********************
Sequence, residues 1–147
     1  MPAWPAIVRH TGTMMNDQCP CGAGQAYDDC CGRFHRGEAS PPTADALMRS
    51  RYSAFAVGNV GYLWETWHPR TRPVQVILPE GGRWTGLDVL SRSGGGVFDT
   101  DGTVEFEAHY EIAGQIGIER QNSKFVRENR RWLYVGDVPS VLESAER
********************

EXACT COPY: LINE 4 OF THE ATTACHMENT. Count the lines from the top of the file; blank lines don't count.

   101  DGTVEFEAHY EIAGQIGIER QNSKFVRENR RWLYVGDVPS VLESAER